Since that time, there have been over 30 civil money penalties handed out for non-compliance. While the average penalty amount is $850,000, fines do regularly exceed $3M mark.
As of January 31, 2016, over 69% of the organizations investigated since April 13, 2003 by the Office of Civil Rights required corrective action! (2)
An additional concern for organizations is the announcement of random HIPAA compliance audits being carried out by OCR(3). Every covered entity and business associate will be eligible to be audited regardless of size or type. Organizations that are found to have serious compliance issues, may initiate a compliance review for further investigation.
Even if organizations do have a good measure on their compliance, many do not always have an effective way to develop and manage their corrective actions plans. Entities need an easy way to monitor and quickly report the status of their compliance and remediation efforts to management and auditors.
HIPAA MRI is an easy to use, easy to implement software that allows you to assess and develop remediation plans for your HIPAA Security compliance. Built specifically for the healthcare industry, the HIPAA MRI software is based on the guidance and standards developed by HHS (U.S. Department of Health and Human Services) and NIST (National Institute of Standards and Technology). Now, compliance and security professionals can save time and resources, assess their compliance, easily develop and manage their remediation plans and track progress toward their HIPAA security compliance.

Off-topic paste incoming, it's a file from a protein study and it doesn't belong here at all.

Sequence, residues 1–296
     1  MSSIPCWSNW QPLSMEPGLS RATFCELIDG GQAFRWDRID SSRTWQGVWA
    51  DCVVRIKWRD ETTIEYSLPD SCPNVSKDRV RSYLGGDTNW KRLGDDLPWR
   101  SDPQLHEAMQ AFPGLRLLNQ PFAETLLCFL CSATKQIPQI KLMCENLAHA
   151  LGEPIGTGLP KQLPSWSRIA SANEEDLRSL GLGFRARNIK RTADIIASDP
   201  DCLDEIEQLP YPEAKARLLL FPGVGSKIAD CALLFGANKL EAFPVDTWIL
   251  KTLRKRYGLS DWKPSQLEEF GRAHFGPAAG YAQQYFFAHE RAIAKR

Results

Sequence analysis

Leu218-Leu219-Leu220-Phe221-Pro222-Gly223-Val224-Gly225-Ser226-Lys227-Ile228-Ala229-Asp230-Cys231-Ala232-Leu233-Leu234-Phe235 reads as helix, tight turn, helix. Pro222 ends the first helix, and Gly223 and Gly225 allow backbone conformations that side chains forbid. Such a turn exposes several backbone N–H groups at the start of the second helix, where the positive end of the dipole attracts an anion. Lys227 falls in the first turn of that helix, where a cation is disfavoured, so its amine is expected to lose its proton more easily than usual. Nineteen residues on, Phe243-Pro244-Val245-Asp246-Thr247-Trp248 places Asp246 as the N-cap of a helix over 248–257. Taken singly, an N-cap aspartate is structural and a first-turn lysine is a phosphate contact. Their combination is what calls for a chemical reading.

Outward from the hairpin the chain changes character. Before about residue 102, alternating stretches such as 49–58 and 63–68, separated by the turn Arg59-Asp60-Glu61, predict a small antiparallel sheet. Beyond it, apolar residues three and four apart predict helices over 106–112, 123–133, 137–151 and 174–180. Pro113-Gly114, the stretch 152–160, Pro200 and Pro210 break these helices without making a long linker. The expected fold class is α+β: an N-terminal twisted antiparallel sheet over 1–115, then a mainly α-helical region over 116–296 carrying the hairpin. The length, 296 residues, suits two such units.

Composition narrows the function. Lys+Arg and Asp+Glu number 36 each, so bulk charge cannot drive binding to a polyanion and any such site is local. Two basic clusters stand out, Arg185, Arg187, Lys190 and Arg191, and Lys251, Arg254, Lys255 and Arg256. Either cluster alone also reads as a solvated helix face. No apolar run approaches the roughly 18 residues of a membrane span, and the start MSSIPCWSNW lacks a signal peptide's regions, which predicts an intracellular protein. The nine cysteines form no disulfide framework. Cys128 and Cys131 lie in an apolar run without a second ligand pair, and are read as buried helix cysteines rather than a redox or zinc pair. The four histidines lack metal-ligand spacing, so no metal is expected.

HealthGuard is proud to introduce one of our security product offerings called PhishAlarm®, a new Wombat Security behavior reinforcement tool. This email client add-in allows employees to alert security and incident response teams to suspected phishing emails with the click of a button. This is an important feature for organizations as early reporting of suspicious emails can dramatically reduce the duration and impact of an active phishing attack.
PhishAlarm further strengthens Wombat’s Continuous Training Methodology by capitalizing on awareness and understanding of phishing issues, and allowing end users to actively apply best practices in defense of their data and systems. Employees who have been educated about the different traps and tricks associated with social engineering attacks are better equipped to accurately recognize and report suspicious emails.
While in Beta trials, a number of our customers — spanning industries such as global manufacturing, food and beverage, energy, and consulting — successfully implemented the PhishAlarm add-in within their organizations. A Senior Cyber Security Analyst from a multinational energy company had this to say about the new email reporting button:
“We’ve been using Wombat’s PhishAlarm product for some time and can already see the positive impact it’s having on our organization. PhishAlarm easily replaced antiquated suspicious email reporting with a consistent and user friendly process that positively affected employee behavior.”
PhishAlarm reinforces the actions that are central to long-term behavior change, and this in turn reduces the risks organizations face from social engineering attacks. This new reporting button offers a number of benefits: